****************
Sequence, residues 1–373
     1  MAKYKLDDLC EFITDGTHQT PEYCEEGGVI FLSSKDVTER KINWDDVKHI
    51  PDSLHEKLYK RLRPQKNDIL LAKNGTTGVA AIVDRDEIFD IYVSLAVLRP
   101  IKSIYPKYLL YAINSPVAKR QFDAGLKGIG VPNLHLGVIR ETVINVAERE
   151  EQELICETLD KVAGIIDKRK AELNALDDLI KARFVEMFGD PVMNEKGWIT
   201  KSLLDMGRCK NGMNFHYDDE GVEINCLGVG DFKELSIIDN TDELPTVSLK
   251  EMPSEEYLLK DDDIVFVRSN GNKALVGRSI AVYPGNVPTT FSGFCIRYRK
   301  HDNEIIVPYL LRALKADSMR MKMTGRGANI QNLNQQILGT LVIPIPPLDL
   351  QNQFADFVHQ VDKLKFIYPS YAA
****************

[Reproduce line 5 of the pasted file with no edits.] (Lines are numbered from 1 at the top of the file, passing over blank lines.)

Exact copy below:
   151  EQELICETLD KVAGIIDKRK AELNALDDLI KARFVEMFGD PVMNEKGWIT